Politics & Government

2nd District’s Wilson, Carrigan clash in U.S. House debate

Democratic candidate Sean Carrigan, left, and Republican U.S. Rep. Joe Wilson speak at a debate organized by students at River Bluff High School on Oct. 30, 2018.
Democratic candidate Sean Carrigan, left, and Republican U.S. Rep. Joe Wilson speak at a debate organized by students at River Bluff High School on Oct. 30, 2018. bmarchant@thestate.com

In their only debate before next Tuesday’s election, the two men vying to represent a Midlands congressional district offered starkly differing visions of where the country and the 2nd District are going, and where they are now.

For U.S. Rep. Joe Wilson, R-Springdale, the country is moving in the right direction. He credits a booming economy and low jobless rates to the tax cuts passed last year by a Republican Congress and signed by President Donald Trump.

“It’s a situation of promises made, promises kept,” Wilson said.

Democratic candidate Sean Carrigan, on the other hand, argued Tuesday that Wilson’s seniority — he has represented the 2nd District since 2001 — has not produced tangible improvements for the district, which includes all of Lexington County and part of Richland County.

“It’s clear Joe votes with big corporate donors and special interests,” Carrigan said. “The 2nd District is in worse shape than it was 17 years ago. … It’s time for Joe to go.”

The candidates faced off at River Bluff High School in a forum organized by the students in the school’s Center for Law and Global Policy Development. It was the only head-to-head contest scheduled between Carrigan and Wilson before Election Day.

The two clashed right off the bat over one of the most controversial issues in the closing weeks of the election — the migrant caravan approaching the U.S. border from Mexico.

Wilson said Trump was right to deploy soldiers to the border to deny the caravan entry into the United States. The roughly 4,000 migrants, 1,000 miles south of the U.S. border, could include “MS-13 gang members and narco-terrorists,” the Republican said.

But Carrigan, an Army veteran and Chapin real estate agent, said the people in the caravan are fleeing violence in Central America in hopes of asylum, and the United States should react to them humanely.

“It’s premature to tout that kind of rhetoric to bring up fear in our electoral season,” Carrigan said, referring to Wilson. “To get Americans to think there is some kind of problem is just wrong.”

Carrigan also said he thinks Russia interfered in the 2016 U.S. presidential election and is attempting to intervene in the 2018 election as well. He said Wilson and other Republicans have not taken the Russian threat seriously enough, citing a lack of action to improve voter security by the Republican-controlled Congress.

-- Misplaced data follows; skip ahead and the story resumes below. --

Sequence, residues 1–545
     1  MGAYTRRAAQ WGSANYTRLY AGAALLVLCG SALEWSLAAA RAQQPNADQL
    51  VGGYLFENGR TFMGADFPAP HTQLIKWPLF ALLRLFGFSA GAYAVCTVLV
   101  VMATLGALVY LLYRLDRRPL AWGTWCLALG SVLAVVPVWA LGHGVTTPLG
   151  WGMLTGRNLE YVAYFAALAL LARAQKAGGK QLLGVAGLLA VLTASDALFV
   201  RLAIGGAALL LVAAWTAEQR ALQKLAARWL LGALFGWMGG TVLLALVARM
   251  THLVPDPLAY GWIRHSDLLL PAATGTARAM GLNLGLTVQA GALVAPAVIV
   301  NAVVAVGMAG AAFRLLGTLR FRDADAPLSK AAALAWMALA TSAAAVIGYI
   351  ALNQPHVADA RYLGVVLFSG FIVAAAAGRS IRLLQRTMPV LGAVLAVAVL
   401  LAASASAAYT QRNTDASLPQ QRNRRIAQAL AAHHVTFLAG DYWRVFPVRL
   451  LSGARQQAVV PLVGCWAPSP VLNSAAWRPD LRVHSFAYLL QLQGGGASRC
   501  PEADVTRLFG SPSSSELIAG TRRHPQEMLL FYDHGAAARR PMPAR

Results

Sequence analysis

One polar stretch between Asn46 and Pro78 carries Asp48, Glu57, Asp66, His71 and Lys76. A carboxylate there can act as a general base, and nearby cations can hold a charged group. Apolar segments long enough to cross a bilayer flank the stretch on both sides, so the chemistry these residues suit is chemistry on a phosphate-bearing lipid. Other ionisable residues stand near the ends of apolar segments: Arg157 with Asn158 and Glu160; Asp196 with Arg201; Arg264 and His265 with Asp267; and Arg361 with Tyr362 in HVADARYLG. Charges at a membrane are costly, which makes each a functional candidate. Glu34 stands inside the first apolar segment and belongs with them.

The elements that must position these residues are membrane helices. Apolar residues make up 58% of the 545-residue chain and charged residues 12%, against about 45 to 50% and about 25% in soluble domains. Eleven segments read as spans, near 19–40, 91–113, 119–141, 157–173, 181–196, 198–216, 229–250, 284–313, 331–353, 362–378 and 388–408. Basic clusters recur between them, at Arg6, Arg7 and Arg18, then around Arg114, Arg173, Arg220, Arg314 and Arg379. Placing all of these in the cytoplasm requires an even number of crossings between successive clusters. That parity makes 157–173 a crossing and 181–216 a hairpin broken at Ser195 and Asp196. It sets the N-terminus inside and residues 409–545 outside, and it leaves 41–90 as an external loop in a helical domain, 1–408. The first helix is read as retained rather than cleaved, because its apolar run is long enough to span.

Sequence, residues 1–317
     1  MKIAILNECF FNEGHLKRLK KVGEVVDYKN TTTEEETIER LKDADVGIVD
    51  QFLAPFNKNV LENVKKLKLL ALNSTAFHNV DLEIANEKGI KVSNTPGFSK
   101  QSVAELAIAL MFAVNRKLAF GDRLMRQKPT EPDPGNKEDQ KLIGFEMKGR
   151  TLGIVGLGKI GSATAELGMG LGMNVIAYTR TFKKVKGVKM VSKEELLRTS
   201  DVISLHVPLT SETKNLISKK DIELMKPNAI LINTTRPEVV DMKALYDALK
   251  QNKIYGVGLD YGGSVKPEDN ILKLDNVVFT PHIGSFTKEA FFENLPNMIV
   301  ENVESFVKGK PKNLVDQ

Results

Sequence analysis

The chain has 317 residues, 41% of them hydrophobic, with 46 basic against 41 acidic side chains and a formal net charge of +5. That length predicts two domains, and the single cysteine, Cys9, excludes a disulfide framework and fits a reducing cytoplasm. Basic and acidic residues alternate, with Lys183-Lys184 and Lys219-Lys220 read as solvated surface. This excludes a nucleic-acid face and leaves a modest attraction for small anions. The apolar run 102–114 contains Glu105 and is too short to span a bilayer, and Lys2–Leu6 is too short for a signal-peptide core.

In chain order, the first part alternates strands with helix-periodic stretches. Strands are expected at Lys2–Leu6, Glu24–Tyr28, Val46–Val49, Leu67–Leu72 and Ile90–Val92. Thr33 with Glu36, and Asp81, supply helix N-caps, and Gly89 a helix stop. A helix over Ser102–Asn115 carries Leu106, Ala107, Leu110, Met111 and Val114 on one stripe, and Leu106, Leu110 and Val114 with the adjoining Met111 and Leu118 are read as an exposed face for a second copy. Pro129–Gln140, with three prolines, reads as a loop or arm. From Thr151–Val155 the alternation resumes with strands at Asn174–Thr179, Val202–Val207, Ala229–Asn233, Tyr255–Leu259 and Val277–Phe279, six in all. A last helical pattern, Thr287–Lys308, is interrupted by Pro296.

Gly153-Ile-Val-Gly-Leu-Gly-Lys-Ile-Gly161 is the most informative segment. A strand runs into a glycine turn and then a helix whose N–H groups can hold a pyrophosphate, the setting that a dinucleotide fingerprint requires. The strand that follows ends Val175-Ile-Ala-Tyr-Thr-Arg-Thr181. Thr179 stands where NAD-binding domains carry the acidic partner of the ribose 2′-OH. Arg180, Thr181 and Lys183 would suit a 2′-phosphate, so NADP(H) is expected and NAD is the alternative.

Wilson said he thinks the Russians interfered, but their efforts did not ultimately affect the outcome of the Trump-won election, adding the Russians were not “uniformly for one candidate.”

Carrigan said Wilson was “muddying the waters” around Russia’s intent — supporting Trump.

“We have made every effort to make sure if there are any violations, we have fair elections that are honestly conducted and fairly counted,” Wilson said.

On tariffs, Carrigan argued the president’s trade policies targeting other nations are hurting S.C. businesses and workers.

Wilson said he does not agree with the tariffs but thinks they have been a successful negotiating tactic for Trump, winning new trade deals with Canada and Mexico, and forcing European Union officials to say they would move away from tariffs all together.

On other issues, Carrigan said he would support national efforts to create a universal “Medicare-for-All” health-care option and, gradually, raise the minimum wage to $15 an hour.

However, Wilson said he worries a higher minimum wage only would speed the move toward mechanization to replace more costly workers. On health care, he touted “free market” approaches, including buying health insurance across state lines.

He also reminded the audience, “We came within one vote of repealing Obamacare.”

The two candidates had some less contentious moments as well.

Both said they support arms sanctions against Saudi Arabia in response to the apparent state-backed killing of Saudi journalist Jamal Khashoggi, a U.S. resident and frequent critic of the Saudi government.

“That’s not amazing,” Wilson said of the two men’s agreement. “We’re Americans, and we want what’s best. We’re both Army veterans ourselves.”

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